I will admit that the start of the world cup leads to my partner and I adopting stereotypical roles: him an excitable, uncharacteristically optimistic die hard patriot and me beleaguered and abandoned, seething with resentment at having to switch over Love Island in favour of yet another crucial match. This year though I have decided to embrace it. Well in the classroom at least. During the World Cup, students who are sometimes almost comatose with apathy in class are transformed; it is quite amazing to see them so energised and animated in the corridors as they debate the relative chances of different nations with an encyclopaedic knowledge of players, coaches, managers and strategies. It seems too good an opportunity to let pass which has got me thinking about the power of not just the topic and subject matter but of the language which surrounds it.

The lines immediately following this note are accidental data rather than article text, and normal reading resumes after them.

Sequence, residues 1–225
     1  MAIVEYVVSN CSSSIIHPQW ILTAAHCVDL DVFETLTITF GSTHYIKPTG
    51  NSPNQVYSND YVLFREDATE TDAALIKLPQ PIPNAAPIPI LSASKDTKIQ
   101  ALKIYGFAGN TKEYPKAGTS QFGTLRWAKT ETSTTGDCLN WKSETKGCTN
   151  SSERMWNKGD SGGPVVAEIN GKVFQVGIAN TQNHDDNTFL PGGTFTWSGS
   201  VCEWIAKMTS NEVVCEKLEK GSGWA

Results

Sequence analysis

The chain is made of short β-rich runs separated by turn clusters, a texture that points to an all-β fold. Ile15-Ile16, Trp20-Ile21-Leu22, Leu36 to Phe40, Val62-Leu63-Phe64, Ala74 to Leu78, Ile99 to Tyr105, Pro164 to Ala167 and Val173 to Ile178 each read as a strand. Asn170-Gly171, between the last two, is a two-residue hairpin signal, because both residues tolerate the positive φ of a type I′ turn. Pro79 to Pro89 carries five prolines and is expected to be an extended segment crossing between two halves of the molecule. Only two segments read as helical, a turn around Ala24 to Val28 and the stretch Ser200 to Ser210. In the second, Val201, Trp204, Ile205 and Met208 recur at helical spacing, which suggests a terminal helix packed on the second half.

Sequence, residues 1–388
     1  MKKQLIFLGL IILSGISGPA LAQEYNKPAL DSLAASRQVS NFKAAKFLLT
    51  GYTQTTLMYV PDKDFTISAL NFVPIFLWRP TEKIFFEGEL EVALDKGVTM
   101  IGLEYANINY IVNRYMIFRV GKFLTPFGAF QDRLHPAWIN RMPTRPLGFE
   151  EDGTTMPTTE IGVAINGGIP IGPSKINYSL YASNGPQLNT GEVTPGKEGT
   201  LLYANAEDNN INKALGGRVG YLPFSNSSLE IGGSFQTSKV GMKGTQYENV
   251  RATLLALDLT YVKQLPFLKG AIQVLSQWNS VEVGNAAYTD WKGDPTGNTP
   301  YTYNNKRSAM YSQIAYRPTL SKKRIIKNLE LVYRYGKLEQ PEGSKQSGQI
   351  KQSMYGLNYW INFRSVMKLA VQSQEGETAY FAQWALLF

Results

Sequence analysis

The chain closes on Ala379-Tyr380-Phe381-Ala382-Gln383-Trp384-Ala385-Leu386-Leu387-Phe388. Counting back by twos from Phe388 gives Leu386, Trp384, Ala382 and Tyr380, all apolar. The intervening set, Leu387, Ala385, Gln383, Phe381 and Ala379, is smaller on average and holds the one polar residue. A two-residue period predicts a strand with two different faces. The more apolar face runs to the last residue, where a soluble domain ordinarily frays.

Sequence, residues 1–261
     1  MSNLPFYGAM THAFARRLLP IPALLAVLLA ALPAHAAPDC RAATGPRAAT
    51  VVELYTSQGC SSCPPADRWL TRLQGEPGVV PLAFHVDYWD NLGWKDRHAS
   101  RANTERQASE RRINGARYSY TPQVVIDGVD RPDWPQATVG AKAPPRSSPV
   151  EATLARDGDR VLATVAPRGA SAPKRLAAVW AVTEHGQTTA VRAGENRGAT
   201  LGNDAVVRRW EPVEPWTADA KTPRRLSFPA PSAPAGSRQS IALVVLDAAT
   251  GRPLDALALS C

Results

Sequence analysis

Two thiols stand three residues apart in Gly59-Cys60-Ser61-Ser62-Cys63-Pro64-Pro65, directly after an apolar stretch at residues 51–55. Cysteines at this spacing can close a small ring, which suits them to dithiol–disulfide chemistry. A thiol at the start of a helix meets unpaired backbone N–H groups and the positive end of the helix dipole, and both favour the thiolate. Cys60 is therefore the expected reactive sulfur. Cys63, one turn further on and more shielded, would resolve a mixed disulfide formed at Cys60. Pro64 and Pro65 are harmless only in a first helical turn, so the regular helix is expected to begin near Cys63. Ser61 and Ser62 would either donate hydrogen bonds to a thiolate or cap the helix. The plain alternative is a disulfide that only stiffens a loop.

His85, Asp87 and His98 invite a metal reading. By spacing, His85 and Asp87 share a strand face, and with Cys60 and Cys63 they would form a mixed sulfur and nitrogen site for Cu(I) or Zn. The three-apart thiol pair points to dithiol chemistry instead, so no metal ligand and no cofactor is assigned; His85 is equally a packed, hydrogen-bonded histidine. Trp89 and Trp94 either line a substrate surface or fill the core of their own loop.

There’s a sense of passion that pervades the rhetoric of football and how writers achieve this is really interesting. We can break down lexis into its component parts and consider the power of semantic fields, euphemism, idiom, colloquialisms and even cliché. The dense complex sentences brim with embedded clauses and provide efficient delivery of lots of information; they become goldmines for constructing and dissecting syntax. Continue reading “World Cup: Lessons in the Language of Football”